Ruth Wilson and Mark Stanley go head-to-head as estranged siblings wrangling for control of their family's struggling Yorkshire farm in this powerful drama
Ruth Wilson and Mark Stanley go head-to-head as estranged siblings wrangling for control of their family’s struggling Yorkshire farm in this powerful drama.
Loosely inspired by Rose Tremain’s 2010 novel Trespass, this movie opens with the briskly capable Wilson working as an itinerant sheep shearer. Clearly haunted, she hasn’t visited her own family’s home for 15 years, but returns there when she learns of her father’s death following a long illness.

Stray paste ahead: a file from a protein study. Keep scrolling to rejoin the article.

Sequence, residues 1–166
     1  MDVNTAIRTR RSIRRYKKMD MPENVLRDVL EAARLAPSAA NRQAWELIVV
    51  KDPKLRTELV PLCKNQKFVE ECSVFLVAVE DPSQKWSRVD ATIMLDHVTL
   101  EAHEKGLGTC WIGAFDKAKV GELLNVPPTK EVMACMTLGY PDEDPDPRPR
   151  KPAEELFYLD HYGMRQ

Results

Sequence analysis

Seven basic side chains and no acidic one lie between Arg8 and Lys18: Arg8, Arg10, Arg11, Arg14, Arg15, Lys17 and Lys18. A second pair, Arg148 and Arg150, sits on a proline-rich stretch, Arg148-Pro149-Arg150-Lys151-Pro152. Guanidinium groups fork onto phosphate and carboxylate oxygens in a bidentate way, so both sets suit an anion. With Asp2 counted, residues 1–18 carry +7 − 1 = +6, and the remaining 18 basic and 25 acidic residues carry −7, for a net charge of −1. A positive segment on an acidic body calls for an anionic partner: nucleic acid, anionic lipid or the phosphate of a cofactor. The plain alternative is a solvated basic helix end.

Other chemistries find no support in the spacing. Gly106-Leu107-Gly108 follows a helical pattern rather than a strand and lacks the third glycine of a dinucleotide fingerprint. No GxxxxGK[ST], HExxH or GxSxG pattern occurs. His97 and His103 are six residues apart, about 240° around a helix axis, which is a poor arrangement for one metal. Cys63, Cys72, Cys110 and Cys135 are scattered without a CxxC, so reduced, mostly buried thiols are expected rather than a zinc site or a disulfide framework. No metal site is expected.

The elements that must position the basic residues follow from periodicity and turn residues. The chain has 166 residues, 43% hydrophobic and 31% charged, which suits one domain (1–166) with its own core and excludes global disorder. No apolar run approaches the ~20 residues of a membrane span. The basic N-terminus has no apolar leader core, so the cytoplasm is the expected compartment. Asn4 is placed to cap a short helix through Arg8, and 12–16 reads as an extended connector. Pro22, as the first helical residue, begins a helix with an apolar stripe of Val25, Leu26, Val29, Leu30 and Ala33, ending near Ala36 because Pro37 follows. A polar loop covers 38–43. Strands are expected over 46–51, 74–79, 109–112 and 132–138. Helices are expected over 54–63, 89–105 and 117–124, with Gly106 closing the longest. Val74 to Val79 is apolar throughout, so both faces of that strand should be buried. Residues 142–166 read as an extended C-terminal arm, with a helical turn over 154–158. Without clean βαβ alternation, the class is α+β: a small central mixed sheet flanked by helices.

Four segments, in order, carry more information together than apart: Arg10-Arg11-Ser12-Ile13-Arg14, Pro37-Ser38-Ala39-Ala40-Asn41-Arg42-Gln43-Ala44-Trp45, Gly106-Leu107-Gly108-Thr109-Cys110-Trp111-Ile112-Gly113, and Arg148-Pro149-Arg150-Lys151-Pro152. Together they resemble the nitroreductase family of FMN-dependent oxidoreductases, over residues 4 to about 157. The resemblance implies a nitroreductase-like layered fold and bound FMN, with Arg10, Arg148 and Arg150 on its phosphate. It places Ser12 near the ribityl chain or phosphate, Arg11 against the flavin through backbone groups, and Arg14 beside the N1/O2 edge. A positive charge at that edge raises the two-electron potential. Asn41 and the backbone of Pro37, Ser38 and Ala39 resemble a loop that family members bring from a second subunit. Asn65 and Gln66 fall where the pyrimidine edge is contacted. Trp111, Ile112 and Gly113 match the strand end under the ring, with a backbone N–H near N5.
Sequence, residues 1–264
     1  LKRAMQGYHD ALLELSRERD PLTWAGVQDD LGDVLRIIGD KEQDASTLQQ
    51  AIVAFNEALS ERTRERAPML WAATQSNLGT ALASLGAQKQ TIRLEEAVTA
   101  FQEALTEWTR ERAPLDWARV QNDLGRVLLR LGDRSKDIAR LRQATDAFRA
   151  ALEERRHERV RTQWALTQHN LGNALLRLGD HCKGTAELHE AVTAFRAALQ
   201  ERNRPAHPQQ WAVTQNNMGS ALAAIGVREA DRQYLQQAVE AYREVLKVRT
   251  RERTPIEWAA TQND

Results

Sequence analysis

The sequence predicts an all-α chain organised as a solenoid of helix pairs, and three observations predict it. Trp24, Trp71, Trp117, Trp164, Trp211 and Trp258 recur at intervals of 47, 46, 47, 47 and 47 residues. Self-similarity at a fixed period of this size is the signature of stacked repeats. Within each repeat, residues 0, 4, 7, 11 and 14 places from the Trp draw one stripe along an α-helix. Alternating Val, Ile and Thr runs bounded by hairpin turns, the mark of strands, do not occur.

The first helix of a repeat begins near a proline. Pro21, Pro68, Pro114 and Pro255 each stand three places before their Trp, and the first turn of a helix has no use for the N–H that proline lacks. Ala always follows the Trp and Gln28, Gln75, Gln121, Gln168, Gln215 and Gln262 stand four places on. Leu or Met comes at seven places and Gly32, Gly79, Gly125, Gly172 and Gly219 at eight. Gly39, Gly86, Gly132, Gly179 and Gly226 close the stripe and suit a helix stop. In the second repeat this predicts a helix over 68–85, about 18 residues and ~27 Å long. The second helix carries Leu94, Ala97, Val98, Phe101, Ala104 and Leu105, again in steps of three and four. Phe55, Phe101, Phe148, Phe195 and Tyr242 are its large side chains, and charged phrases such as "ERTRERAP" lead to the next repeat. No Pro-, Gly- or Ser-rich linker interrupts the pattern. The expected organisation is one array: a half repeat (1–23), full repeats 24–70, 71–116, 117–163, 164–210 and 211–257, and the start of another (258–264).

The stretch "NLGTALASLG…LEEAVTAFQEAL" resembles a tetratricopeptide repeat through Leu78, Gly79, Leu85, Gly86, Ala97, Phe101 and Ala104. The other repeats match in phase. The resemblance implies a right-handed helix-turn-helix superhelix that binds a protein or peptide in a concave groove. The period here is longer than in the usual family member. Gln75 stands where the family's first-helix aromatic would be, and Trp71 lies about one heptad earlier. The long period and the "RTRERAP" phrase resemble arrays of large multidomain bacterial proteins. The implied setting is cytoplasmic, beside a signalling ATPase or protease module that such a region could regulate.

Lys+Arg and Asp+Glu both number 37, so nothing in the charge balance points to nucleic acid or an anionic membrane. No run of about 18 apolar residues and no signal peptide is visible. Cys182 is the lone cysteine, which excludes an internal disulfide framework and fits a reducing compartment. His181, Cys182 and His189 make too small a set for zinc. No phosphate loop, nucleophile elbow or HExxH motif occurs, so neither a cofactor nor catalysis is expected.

In her absence, brother Stanley has been trying to keep the failing farm afloat while caring for their father. But she is determined to take control, because her father promised her the farm’s tenancy – or so she believes and asserts. Nor can the siblings decide on how the farm should be run, Wilson favouring no-nonsense practicality, whereas Stanley has a more romantic attachment to the land.
However, deeper, darker causes lie behind the siblings’ disunity and writer-director Clio Barnard reveals them, with brief, stabbing flashbacks to Wilson’s traumatic earlier life in which a louring Sean Bean takes the role of dad.
Back in the present, the rain lashes the landscape and the tension builds. Things possibly get too overwrought at the end, but Wilson and Stanley are superb and it is great to see Wilson, after years of acclaimed work on stage and TV (notably in Luther and The Affair), show off her blazing talent on the big screen as well.